Diffusion-limited reactions in nanoscale electronics
Ryan M. Evans, Arvind K. Balijepalli, Anthony J. Kearsley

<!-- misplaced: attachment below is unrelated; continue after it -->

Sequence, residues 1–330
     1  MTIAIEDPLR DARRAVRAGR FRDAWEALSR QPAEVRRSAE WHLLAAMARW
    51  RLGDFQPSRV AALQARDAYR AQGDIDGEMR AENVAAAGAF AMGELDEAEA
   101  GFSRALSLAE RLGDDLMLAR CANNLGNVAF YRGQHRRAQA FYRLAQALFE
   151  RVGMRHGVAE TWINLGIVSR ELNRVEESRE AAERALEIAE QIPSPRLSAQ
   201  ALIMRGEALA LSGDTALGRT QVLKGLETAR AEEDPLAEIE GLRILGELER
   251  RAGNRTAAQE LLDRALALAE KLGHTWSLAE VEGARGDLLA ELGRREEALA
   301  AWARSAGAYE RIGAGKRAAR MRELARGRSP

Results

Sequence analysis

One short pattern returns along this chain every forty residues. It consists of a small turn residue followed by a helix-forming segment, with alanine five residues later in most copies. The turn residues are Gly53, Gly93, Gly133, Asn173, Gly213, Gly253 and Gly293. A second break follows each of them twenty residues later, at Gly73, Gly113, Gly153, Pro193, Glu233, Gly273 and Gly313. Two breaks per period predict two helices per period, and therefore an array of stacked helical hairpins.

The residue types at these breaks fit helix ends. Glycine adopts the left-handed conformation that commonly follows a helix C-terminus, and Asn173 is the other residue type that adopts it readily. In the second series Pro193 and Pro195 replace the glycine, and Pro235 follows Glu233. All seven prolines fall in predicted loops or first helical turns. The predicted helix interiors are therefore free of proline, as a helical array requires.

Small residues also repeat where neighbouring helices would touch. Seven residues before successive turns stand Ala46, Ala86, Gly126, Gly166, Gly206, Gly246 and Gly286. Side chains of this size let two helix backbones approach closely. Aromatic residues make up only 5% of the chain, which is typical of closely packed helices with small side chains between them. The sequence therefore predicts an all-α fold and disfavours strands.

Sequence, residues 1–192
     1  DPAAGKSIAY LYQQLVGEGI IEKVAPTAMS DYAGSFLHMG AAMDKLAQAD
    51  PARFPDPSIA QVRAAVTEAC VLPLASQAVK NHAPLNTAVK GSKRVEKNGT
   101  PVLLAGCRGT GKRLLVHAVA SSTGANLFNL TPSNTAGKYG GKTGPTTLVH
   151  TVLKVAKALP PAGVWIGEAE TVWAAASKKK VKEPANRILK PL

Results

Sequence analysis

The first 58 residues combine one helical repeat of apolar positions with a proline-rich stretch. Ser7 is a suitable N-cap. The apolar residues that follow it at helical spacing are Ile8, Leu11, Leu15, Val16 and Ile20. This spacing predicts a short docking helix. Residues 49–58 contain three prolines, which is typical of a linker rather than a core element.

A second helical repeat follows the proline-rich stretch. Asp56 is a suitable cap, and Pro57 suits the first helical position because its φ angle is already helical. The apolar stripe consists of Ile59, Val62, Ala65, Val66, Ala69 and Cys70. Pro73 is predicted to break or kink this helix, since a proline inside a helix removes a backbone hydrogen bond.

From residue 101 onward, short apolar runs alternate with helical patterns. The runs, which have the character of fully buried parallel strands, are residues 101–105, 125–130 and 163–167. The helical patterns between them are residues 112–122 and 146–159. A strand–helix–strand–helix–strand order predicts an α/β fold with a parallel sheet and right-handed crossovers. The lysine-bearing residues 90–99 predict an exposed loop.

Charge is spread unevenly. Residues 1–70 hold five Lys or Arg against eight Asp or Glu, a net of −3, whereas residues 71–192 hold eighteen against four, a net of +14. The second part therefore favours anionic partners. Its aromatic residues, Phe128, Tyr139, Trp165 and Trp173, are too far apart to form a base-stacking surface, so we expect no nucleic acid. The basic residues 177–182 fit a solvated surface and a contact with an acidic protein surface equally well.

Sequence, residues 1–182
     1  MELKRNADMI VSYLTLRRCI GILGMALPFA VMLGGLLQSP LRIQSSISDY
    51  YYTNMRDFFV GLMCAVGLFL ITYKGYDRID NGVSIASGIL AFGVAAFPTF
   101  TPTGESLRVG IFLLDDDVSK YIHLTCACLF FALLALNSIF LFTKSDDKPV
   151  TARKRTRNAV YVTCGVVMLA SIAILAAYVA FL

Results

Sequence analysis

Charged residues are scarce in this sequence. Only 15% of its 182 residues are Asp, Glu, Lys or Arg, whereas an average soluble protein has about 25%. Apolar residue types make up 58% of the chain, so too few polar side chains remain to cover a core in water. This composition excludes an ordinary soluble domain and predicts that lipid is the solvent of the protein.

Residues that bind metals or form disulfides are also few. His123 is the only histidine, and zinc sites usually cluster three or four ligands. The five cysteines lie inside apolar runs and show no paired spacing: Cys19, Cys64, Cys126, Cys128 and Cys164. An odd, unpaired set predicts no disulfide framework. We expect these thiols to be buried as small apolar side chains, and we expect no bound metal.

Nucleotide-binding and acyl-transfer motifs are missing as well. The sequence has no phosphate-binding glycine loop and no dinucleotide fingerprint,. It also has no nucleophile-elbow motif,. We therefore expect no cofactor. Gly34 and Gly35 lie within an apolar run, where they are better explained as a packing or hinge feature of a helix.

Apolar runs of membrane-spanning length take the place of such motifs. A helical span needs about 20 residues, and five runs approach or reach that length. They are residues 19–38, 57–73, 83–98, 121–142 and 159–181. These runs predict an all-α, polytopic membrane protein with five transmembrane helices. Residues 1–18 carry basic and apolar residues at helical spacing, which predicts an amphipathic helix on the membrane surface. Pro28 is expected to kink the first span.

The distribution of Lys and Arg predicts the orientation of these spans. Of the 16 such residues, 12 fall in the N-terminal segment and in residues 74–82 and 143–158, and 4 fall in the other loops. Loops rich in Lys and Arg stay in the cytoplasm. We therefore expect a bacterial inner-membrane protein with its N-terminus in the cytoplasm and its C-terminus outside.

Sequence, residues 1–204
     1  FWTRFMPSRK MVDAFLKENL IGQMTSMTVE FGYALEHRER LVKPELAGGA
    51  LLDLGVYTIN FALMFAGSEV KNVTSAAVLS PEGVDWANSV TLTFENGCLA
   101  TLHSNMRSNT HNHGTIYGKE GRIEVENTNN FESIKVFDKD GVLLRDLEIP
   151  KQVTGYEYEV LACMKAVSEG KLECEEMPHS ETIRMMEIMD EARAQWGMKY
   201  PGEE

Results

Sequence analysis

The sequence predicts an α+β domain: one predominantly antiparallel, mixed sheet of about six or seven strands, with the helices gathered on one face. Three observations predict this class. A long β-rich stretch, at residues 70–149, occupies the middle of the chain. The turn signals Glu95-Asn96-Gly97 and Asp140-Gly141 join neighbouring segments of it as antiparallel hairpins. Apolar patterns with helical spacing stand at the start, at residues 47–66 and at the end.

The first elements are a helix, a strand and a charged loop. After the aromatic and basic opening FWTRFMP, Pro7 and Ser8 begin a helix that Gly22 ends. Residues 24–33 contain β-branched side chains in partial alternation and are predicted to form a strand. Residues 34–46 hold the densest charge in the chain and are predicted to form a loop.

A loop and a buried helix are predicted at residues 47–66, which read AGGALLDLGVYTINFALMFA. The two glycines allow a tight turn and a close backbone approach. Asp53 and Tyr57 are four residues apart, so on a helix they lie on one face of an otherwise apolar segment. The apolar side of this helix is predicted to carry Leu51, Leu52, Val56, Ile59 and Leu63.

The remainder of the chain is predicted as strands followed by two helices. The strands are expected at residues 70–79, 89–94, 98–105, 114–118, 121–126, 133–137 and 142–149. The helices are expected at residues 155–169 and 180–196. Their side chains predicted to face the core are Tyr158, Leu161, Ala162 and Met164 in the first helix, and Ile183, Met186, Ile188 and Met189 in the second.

To quantify interactions between drug molecules and target receptors, a novel nanoscale electronics instrument is under development. The instrument consists of two regions: a biological region, and an electronics region. The biological region consists of a well containing a buffer fluid, and receptors immobilized on a biochemical gate at the well-surface. The electronics regions consists of a semiconductor channel, through which current is flowing from source to drain. During a typical experiment ligand molecules are injected at the top of the well, and diffuse to the surface to bind with receptors. Ligand binding with receptors modulates current flow through the semiconductor channel, thereby producing a time-dependent current signal which can be used to study the biochemical process of interest. To quantify the coupling between diffusion and reaction, a partial differential equation model for this system is developed. It is shown that one can exploit disparate length scales associated with the device to reduce the coupled PDE model to a single nonlinear integrodifferential equation for the reacting species concentration. A numerical solution to this equation is found with the method of lines, and results reveal the presence of a depletion region on the biochemical gate. The size of the depletion region is directly related to the Damkohler number.